465622 Glyco-Engineering of CHO Cells for Improved Protein Quality

Tuesday, November 15, 2016: 9:42 AM
Continental 7 (Hilton San Francisco Union Square)
Ningning Xu, Jianfa Ou, Chao Ma, Ursula L. Triantafillu and Margaret Liu, Department of Chemical and Biological Engineering, The University of Alabama, Tuscaloosa, AL

Glycosylation affects the quality of glycoproteins by influencing protein folding, stability, bioactivity, and therapeutic efficacy. Unfortunately, heterogeneous glycans and incomplete glycosylation are still the biggest issues in protein quality control. Owing to recent advances in gene editing technologies and the availability of CHO genome sequences, stable genetic engineering has become a remarkable approach to regulate glycosylation. In this study, CHO host cells were engineered using genome editing tools via modulating the enzymes involved in glycosylation pathway to produce proteins with enriched sialic acid and non-fucosylated glycan. Specifically, CHO DG44 host cell was first genetically engineered using overexpression and CRISPR/Cas9 simultaneously, followed by the human IgG1 producing cell line construction. The glycan structure of the production cell line was evaluated to confirm the increased sialic acid contents and absent core fucose structure. Finally, the engineered CHO DG44 cell was characterized using proteomics to develop an in-depth understanding of cell engineering on the expression of host cell proteins involved in glycosylation.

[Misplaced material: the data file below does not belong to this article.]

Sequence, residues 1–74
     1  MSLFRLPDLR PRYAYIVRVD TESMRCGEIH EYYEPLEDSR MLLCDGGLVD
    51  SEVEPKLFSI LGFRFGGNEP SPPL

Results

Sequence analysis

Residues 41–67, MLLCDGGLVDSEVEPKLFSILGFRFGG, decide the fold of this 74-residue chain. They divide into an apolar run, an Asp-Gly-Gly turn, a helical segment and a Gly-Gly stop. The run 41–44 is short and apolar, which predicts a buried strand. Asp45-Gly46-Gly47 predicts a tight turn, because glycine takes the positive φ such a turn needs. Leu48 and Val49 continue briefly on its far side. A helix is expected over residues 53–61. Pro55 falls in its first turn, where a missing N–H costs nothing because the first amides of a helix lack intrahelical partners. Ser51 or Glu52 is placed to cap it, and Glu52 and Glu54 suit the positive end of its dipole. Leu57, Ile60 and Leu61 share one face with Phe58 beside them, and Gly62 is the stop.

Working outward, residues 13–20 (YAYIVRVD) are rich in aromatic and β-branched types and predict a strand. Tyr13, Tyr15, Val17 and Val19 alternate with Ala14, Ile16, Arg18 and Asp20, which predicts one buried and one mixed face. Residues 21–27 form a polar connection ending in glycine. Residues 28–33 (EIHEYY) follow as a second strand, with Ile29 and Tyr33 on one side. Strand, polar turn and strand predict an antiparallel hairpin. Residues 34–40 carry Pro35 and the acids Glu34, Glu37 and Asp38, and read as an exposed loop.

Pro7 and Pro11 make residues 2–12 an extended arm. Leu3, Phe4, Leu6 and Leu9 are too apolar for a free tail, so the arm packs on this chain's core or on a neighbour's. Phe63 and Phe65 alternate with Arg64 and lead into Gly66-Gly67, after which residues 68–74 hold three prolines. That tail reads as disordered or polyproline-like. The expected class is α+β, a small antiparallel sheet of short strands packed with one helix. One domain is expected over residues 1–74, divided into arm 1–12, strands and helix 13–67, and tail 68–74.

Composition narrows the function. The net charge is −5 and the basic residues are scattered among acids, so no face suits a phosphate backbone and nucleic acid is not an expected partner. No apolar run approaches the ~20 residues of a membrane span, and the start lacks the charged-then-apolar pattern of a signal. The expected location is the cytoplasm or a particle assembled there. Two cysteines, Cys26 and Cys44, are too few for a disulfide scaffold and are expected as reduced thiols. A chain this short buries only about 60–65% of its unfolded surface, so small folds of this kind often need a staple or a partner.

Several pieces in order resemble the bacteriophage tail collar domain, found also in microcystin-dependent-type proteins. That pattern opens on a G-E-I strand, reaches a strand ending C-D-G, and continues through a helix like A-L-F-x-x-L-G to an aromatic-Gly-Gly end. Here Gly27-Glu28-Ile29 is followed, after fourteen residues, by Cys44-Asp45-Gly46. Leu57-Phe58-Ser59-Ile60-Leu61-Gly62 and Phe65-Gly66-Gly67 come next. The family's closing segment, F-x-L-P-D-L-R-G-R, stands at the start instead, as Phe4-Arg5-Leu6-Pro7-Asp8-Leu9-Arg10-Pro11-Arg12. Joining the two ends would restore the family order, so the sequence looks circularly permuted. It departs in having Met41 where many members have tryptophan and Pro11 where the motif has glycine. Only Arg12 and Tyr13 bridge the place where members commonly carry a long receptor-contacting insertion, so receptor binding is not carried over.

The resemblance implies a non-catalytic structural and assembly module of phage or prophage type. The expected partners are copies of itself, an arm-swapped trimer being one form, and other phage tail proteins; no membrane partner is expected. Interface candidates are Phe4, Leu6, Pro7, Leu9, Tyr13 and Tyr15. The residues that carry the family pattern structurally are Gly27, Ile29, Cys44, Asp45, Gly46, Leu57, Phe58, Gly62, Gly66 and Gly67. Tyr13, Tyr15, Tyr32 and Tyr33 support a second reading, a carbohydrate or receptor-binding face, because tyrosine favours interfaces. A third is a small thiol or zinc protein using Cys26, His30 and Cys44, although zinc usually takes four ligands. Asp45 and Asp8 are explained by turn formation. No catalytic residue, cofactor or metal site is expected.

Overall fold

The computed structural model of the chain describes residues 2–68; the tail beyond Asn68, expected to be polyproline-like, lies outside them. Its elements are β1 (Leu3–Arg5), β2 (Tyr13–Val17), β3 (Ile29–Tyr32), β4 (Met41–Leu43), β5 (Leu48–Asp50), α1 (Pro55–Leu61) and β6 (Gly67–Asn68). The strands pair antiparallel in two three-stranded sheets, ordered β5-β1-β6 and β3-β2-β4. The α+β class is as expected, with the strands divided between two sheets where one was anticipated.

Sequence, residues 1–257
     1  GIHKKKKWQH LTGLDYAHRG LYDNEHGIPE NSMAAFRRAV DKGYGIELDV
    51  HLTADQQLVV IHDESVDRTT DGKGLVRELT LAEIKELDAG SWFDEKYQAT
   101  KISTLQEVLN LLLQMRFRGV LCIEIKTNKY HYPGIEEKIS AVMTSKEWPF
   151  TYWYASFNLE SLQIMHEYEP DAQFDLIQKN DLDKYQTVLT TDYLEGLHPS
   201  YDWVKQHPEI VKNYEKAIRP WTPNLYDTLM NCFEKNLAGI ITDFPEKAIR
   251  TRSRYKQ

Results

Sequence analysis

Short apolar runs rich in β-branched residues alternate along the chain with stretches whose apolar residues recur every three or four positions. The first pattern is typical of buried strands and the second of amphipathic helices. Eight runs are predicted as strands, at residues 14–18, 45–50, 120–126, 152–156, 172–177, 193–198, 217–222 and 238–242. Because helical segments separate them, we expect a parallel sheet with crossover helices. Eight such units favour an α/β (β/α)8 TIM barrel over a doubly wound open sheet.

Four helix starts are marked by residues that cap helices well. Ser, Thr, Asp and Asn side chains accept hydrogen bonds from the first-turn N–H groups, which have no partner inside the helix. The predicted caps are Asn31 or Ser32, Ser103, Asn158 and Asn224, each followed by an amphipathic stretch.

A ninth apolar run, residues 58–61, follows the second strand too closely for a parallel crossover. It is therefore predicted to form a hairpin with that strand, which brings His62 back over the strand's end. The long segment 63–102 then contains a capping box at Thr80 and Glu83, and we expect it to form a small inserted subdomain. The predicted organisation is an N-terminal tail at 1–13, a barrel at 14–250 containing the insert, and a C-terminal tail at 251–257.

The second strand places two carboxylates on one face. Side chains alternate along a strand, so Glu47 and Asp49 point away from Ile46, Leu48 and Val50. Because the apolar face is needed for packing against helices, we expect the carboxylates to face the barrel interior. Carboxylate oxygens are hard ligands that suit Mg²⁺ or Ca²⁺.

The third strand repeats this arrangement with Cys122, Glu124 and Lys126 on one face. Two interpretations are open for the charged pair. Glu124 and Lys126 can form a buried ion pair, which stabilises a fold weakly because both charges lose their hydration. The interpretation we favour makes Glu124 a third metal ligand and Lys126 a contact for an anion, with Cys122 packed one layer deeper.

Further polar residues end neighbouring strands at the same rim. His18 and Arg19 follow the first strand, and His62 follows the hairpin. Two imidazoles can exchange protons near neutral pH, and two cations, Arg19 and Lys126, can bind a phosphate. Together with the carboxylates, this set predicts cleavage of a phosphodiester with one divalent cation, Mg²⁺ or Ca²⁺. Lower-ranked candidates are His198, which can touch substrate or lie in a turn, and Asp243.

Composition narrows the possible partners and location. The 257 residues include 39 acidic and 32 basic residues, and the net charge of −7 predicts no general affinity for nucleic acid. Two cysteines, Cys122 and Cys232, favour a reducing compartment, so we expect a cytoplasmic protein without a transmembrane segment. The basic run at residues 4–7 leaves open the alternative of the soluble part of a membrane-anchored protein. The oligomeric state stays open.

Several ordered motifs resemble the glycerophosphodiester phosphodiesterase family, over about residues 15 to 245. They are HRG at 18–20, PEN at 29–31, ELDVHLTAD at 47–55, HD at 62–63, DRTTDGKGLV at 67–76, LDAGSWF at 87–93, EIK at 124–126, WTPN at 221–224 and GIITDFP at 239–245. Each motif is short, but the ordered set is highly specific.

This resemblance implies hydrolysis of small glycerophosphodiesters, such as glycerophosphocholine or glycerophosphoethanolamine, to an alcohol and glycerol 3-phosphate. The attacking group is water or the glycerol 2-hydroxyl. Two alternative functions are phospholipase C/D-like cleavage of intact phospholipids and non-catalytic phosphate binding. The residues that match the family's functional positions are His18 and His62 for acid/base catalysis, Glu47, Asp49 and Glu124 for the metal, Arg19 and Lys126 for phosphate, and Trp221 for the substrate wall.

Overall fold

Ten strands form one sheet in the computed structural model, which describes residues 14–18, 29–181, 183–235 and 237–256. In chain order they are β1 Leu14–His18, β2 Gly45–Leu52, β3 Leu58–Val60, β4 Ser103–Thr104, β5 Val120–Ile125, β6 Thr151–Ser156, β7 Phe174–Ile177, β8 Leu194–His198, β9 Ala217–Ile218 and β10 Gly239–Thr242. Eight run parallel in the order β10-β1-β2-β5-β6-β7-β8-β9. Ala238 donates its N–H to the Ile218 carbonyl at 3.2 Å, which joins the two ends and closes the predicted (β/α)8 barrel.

Extended Abstract: File Not Uploaded